It was the intention of Stacy Woodard “to embody the whaling pictures in a film with considerable dramatic interest – which in due course [will] be exhibited in New Zealand” and his motivation seems to have been as a part of the entertainment industry rather than as a scientific recorder of nature or history. Curiously, after having just arrived in Auckland, he advertised in the New Zealand Herald in late August 1933 ‘Wanted. To take part in motion picture. Man 23 to 30, about 5ft 10” 160lbs. Previous dramatic experience necessary. See Mr. or Mrs. Woodard. Central Hotel’. Presumably such an actor was to have taken a part in the soon to be filmed whaling movie. That would have been a demanding role.
Woodard moved onto other projects, including the one that won him his Oscar. He was an uncredited contributor to King Kong (1933) and was involved in the filming of Pare Lorentz’s American classic The River (1938). His whaling film was never completed and Stacy died of a heart attack in New York in 1942. Herbert Cook died in 1934, the year after the Whangamumu filming, and is buried in the graveyard at Christ Church, Russell.
A total of some seven and a half minutes of the Whangamumu film was used in the 1936 low budget drama, I Conquer The Sea, distributed by Academy Films, a ‘Poverty Row Studio’ that produced so called ‘quickies’. The film claimed to have been shot on location ‘in Newfoundland where the action of this story is laid – and to our intrepid crew and cast who spent one long hazardous year ‘a-hunting whales’ to complete this production’. Well it was Hollywood, and who would know the Whangamumu coastline in America? Along with using Woodard’s copy the filming location was most likely Laguna Beach, California. Initial working names were said to be Sea Bandit and Thrill of a Century.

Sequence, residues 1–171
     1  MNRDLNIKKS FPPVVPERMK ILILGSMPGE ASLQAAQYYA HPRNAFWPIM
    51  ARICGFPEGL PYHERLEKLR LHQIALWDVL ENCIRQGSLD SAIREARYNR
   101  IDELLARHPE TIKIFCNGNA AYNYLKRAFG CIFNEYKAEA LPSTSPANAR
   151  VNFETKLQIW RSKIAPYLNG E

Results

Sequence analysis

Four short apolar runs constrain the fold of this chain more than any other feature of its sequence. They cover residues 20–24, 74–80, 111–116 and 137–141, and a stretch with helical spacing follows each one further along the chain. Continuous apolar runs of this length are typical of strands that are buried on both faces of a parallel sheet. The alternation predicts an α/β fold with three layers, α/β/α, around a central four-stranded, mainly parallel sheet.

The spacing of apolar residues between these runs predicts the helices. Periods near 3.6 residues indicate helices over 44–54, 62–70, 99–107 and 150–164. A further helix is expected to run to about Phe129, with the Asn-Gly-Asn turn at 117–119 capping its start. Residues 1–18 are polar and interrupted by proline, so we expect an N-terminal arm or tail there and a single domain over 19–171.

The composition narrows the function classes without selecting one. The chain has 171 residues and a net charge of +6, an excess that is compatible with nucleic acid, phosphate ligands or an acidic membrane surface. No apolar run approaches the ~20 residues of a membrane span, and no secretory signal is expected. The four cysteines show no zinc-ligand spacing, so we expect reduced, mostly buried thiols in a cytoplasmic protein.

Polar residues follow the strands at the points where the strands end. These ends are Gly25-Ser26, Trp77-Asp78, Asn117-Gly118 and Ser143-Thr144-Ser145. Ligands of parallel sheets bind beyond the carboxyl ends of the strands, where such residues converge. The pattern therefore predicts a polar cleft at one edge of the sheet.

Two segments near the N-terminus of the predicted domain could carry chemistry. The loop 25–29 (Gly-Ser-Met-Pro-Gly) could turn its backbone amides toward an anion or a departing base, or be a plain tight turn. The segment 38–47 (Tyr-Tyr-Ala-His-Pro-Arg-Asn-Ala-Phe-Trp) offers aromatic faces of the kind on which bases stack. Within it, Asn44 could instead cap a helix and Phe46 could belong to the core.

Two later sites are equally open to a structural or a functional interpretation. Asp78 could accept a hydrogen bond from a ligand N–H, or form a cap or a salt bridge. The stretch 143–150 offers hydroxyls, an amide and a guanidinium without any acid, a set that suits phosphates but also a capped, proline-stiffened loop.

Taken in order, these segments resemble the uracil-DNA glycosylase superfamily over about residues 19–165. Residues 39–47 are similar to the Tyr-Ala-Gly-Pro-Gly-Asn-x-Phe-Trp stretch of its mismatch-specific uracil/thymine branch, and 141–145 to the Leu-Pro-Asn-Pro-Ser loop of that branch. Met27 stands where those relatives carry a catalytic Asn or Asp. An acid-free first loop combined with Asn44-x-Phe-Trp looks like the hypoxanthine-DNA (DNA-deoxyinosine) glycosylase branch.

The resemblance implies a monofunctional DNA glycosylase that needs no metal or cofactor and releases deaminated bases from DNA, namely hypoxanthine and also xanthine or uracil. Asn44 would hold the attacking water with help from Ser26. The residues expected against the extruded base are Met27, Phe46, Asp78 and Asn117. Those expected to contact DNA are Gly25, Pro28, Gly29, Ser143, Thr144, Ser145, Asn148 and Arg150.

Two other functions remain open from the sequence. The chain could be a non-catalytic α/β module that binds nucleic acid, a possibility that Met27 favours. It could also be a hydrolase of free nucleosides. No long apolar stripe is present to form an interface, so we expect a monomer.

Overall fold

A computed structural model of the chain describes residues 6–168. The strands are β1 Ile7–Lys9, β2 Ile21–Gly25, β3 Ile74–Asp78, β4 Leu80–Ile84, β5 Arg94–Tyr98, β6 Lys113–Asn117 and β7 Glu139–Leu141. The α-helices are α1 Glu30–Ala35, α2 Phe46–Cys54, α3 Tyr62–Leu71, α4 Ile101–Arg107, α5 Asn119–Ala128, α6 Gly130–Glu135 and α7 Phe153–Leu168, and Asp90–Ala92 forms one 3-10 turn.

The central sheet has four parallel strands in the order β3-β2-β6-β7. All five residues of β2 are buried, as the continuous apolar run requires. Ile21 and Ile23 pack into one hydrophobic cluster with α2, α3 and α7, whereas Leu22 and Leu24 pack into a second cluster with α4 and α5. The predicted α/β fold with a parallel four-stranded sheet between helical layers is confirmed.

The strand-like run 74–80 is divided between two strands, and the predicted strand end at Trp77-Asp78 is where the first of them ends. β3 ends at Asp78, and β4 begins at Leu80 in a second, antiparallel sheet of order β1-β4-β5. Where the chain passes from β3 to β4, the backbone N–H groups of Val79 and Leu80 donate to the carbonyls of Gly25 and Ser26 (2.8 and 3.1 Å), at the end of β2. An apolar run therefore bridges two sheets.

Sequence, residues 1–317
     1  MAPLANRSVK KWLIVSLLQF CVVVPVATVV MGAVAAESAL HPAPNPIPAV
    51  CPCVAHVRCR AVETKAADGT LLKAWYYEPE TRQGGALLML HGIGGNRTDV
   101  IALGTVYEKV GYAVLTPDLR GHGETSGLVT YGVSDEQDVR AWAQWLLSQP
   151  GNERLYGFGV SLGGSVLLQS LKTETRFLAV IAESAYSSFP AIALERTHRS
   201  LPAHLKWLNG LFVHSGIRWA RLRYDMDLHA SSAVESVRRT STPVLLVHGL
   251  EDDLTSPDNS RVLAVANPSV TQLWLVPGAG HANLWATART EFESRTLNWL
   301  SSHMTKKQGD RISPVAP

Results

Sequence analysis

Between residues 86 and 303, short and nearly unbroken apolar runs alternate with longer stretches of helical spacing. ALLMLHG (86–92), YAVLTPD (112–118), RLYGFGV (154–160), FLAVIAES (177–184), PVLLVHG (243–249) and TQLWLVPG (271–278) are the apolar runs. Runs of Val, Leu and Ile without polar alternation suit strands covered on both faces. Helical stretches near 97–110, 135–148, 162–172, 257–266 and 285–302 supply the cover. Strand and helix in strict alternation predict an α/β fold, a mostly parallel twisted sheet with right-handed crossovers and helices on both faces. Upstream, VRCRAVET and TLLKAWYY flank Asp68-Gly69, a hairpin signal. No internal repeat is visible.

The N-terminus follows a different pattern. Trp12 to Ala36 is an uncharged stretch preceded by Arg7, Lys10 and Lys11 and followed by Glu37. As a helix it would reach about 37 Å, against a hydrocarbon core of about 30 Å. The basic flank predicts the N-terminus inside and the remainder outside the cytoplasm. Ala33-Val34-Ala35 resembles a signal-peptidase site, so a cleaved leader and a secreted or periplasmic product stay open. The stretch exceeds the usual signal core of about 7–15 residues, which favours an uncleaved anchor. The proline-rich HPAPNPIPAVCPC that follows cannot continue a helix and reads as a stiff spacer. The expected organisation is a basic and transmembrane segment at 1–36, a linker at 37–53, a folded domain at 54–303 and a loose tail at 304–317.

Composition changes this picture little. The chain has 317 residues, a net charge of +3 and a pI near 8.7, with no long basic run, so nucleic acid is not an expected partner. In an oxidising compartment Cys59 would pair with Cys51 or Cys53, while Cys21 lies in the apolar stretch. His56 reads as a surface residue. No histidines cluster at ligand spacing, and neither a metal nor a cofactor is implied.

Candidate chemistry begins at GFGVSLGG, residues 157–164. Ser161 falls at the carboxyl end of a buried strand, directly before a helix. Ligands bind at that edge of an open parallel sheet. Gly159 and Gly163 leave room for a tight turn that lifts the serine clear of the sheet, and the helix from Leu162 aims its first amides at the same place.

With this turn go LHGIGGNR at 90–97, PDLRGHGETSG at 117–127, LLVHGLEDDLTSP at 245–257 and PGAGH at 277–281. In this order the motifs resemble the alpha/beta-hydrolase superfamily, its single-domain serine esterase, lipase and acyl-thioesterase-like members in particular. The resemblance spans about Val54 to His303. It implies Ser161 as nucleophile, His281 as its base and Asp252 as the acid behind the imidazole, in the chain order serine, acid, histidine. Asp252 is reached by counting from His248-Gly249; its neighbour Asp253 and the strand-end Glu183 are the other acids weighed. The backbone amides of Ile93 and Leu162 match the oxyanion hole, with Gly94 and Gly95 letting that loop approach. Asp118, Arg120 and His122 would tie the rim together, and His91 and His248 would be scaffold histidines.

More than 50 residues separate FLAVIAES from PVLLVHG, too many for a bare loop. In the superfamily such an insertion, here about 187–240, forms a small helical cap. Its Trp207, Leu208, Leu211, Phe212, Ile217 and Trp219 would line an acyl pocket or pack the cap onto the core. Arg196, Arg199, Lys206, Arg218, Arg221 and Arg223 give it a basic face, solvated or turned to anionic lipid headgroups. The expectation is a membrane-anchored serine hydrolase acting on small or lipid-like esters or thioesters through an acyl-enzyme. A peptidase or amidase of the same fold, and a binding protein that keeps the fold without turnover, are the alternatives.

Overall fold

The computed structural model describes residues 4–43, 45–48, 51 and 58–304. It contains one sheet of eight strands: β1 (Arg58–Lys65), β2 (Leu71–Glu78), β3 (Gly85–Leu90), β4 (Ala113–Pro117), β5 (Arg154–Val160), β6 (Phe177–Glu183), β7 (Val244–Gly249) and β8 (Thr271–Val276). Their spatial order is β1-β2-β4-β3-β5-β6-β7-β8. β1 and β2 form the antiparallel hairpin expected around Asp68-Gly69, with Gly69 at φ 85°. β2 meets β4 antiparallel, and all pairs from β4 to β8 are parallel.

Probably in an attempt to link the film with legitimate whaling history, it had its premiere at the Empire Theater, New Bedford, Massachusetts on 16 January 1936. As such it was the last gasp of well over a century of sometimes close and extensive whaling connections between New Bedford and the Bay of Islands. Herbert Cook himself embodied that connection, having lived in New Bedford in 1880, arriving and leaving on a whaleship. Surprisingly ‘The screening made almost no splash in the local newspapers; the New Bedford Mercury didn’t even bother to print a review’. Reviews that were given were mixed, ‘a crudely drawn affair’;  ‘the plot does not help matters appreciably…there are any number of technical faults’  but mention is later made that “The film works well because the stock footage of whaling (Woodard’s film) is integrated extremely well into the film…Incredibly exciting shots of whaling remain stunning.